Recently, plasmonic metal-dielectric-metal (MDM) waveguide have attracted people’s tremendous attention due to its remarkable advantages of long propagation distance, easy fabrication and wide available frequency range16,17, it can also be used for sensor applications18,19,20,21. For example, Lu et al. studied the plasmonic sensor in a MDM waveguide coupling with stubs19. Zafar et al. reported the enhanced figure of merit in a Fano resonance-based plasmonic sensor21. Nevertheless, these works mainly focused on the sensing performance numerically, no further discussion on regulating the figure of merit (FOM) of sensor19. In order to find out the effective factors those relate to the FOM and achieve the optimization of sensing properties, we need to establish theoretical models. However, still little attention is paid to the theoretical research on tuning both the universal and the slow light sensing properties in cavity coupled MDM waveguide system.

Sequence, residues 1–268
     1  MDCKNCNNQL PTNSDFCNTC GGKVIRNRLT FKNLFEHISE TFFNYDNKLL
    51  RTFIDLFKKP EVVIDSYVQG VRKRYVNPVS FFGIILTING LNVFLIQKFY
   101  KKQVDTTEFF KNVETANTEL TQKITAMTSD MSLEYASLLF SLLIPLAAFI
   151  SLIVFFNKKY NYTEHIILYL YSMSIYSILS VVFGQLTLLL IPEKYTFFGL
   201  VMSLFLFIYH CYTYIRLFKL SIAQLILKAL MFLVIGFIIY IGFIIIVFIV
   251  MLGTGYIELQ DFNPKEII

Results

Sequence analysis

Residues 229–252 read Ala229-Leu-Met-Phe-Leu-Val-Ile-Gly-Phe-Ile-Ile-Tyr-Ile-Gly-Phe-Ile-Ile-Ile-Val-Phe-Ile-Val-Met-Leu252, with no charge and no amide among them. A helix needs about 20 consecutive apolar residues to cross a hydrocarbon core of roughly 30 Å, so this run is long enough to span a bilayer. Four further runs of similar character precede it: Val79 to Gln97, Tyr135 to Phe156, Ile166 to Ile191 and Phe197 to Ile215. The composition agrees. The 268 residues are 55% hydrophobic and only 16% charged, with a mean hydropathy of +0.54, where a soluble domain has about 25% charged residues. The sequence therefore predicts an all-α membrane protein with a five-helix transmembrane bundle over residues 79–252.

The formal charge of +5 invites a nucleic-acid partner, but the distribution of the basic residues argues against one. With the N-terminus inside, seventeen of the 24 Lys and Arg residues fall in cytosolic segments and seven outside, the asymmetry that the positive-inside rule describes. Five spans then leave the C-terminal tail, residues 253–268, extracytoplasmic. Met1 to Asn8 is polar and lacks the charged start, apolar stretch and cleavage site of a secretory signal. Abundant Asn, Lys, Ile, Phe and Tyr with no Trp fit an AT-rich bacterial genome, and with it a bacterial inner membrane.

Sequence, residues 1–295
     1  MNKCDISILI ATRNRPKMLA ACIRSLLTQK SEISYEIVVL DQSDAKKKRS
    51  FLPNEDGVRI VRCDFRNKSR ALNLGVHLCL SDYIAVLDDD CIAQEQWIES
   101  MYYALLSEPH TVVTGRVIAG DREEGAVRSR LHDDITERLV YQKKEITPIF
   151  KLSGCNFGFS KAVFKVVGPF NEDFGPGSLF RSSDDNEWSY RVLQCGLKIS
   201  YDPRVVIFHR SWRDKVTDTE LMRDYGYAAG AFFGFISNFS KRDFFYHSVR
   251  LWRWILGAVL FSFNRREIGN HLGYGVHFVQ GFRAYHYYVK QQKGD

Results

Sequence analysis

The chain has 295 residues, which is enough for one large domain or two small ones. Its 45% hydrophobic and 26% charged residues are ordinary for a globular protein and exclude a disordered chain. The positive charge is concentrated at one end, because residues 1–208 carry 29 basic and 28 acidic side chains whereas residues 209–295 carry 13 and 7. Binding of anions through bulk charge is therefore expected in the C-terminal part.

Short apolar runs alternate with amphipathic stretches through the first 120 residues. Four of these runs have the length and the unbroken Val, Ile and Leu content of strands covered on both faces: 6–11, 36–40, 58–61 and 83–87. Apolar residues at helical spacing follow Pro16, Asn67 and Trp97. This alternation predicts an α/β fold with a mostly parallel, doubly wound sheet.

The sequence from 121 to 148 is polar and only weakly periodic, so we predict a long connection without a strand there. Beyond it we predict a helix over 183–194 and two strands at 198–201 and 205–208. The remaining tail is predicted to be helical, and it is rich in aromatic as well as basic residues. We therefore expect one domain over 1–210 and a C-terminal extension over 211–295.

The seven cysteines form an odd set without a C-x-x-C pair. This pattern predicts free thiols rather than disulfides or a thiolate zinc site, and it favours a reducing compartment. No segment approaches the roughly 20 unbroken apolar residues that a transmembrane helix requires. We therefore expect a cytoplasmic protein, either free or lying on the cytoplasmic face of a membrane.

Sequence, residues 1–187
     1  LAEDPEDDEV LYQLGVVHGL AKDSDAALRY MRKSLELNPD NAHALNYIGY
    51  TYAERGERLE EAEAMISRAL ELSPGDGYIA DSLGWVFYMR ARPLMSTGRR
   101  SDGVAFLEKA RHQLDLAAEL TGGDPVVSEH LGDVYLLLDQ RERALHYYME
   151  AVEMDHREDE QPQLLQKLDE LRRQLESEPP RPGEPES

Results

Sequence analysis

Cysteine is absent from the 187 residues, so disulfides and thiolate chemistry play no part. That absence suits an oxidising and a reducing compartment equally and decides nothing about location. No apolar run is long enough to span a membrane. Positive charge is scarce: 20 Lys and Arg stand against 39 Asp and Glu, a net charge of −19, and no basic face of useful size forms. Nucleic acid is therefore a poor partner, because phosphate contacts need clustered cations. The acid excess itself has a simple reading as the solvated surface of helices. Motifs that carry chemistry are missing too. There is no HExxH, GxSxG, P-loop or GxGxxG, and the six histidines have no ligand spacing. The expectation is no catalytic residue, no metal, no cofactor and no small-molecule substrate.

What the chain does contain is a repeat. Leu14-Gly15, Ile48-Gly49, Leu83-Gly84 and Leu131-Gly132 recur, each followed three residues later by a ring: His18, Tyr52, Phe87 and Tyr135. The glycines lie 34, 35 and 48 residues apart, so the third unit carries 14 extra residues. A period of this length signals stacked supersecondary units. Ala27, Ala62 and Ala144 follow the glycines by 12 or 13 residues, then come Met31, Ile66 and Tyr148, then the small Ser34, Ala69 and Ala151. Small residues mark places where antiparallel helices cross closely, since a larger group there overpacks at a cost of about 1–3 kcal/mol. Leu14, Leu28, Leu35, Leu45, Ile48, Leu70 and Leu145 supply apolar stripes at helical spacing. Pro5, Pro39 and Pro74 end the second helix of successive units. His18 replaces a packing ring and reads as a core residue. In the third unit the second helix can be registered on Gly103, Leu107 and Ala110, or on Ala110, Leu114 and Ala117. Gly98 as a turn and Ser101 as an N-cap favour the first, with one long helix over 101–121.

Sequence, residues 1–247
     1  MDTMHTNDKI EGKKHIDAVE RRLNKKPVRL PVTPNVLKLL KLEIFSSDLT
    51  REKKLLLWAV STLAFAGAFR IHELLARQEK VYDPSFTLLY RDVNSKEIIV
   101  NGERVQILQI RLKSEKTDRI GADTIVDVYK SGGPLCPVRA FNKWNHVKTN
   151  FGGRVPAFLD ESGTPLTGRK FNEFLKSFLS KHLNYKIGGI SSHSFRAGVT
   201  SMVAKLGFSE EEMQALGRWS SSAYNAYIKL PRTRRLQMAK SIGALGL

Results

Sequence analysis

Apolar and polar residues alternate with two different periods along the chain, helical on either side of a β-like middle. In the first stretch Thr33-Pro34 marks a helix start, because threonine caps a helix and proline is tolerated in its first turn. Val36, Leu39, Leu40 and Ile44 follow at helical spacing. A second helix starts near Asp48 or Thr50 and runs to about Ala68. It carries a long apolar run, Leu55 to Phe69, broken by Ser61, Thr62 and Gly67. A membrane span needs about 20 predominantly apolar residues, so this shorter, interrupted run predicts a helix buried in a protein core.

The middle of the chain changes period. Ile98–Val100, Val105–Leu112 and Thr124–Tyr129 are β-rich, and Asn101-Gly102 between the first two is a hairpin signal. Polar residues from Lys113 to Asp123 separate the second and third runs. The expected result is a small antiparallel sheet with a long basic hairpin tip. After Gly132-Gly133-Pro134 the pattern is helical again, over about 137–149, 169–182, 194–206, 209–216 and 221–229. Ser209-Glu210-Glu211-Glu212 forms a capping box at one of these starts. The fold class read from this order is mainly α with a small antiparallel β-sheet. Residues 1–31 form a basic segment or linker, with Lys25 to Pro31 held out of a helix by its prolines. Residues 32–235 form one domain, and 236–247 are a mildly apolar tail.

In this paper, we show a nanoplasmonic sensor based on the Fano resonance in a MDM waveguide systematically, it can be applied for both the universal and the slow-light sensing. The sensor is accurately tunable and the Fano asymmetric factor p is crucial to adjust the FOM of sensor. The contradiction in the slow-light sensing is discussed in details and can be solved by tuning the quality factor of the superradiant mode and the Fano asymmetric factor p. The presented theoretical model and the pronounced features of this simple plasmonic sensor, such as the tunable sensing and convenient integration, have significant applications in integrated compact plasmonic devices.
Structure and analytic theory